See How to use a two factor security key ( 2mins read)

See How to use a two factor security key ( 2mins read)

TWO FACTOR SECURITY KEY: wo-factor authentication is a smart approach to provide your online accounts an extra degree of security. It does, however, necessitate the usage of your smartphone, which is not only cumbersome but also potentially dangerous if your phone is lost or compromised. Password-protected online accounts, and hence your identity, can benefit from the addition of hardware security keys. They’re also simple to set up. Here’s how to add them to your Google, Facebook, and Twitter accounts.

Security keys link to your system through USB-A, USB-C, Lightning, or NFC, and they’re small enough to carry on a keychain (except for Yubico’s 5C Nano key, which is so small that it’s safest kept in your computer’s USB port). They employ a number of authentication methods, including FIDO2, U2F, smart cards, one-time passwords, and OpenPGP 3.

When you insert or connect a security key to your computer, your browser issues a challenge to the key, which includes the domain name of the site you’re trying to visit. The key then signs and authorizes the challenge, allowing you to log in to the service.

Twitter, Facebook, Google, Instagram, GitHub, Dropbox, Electronic Arts, Epic Games, Microsoft account services, Nintendo, Okta, and Reddit are just a few of the sites that accept U2F security keys. The best thing to do is go to the website of your security key of choice and see what services are supported – for example, here’s a list of YubiKeys apps.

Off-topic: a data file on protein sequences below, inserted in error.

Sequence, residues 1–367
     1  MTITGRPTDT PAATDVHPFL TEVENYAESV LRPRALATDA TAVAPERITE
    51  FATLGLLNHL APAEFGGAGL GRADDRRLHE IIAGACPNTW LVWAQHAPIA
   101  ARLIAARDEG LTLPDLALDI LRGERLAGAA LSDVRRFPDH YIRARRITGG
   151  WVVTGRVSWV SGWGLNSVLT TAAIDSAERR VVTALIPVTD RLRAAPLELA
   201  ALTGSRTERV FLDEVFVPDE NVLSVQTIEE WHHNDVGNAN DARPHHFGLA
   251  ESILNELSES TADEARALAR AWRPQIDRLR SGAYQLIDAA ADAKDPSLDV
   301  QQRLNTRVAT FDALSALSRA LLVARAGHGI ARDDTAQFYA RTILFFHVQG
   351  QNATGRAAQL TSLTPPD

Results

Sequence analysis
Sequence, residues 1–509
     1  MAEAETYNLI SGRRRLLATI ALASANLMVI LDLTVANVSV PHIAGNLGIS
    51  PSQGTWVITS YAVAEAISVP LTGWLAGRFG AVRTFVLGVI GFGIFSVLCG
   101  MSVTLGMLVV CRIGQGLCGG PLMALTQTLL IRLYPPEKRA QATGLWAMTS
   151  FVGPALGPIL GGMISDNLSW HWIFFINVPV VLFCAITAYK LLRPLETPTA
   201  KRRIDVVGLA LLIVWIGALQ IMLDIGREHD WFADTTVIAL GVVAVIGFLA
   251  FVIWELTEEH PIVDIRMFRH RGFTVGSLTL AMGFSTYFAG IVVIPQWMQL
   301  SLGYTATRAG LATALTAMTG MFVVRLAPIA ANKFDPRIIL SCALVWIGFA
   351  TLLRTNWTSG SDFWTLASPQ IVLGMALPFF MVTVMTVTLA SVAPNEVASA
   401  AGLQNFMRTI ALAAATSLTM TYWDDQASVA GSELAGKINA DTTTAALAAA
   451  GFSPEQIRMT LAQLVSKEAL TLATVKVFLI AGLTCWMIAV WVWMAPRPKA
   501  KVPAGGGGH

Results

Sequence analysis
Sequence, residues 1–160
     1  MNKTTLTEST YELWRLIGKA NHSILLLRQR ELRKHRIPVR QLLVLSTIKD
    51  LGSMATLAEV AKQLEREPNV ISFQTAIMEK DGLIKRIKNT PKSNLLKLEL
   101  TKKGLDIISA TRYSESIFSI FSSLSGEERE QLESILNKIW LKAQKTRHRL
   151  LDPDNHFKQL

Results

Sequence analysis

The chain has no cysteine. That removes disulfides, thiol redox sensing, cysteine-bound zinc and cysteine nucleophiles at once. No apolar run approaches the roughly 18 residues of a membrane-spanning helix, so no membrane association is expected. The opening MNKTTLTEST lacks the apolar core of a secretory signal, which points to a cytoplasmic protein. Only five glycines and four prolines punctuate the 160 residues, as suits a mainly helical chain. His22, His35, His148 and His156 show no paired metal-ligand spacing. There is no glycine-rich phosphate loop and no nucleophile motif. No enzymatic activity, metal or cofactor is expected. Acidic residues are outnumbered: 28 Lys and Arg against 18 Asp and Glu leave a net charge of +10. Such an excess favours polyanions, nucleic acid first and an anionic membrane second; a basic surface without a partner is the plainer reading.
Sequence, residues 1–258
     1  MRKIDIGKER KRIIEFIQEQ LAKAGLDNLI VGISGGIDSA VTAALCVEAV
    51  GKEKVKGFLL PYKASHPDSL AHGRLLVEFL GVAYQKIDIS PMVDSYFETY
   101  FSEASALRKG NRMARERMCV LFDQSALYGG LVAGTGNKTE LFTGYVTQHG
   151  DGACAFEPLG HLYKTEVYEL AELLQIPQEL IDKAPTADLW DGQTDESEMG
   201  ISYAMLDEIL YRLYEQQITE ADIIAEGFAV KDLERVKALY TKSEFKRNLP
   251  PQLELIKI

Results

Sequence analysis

Before you may use a security key, you must first complete the setup process. After then, it’s just a question of typing your password, inserting the key, and pushing the button to gain safe access to your online profile on a website.

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Keep in mind that security-key data cannot be copied, migrated, or saved between keys (even if the keys are the same model). Because of this, keys cannot be simply reproduced and used elsewhere. You can use two-factor authentication on your cellphone or an authenticator app if you lose your security key. Then, if you wish to use a new key, you’ll have to go through the reauthorization process all over again.



There are several brands to choose from. Yubico, one of the FIDO U2F authentication standard’s inventors, offers various different variants. The Titan, Google’s own U2F key, is available in three versions: USB-C, USB-A / NFC, and Bluetooth / NFC / USB. The Kensington USB-A fingerprint-supporting key and the Thetis USB-A key are two other U2F keys.

We chose the YubiKey 5C NFC security key for this tutorial, which fits into a USB-C port and also works with phones through NFC. However, the procedure is pretty much the same for all hardware security keys.


You must have already set up two-factor authentication with your Google account (or any account) in order to use a security key.

Select your profile symbol in the upper-right area after logging into your Google account. Then select “Manage your Google Account” from the drop-down menu.

Select “Security” from the left-hand menu. Scroll down to the section titled “Signing in to Google.” Select “2-Step Verification” from the drop-down menu. You may need to login in to your account again at this time.

Scroll down until you see the heading “Add extra second steps to confirm it’s you.” Look for the option “Security Key” and select “Add Security Key.”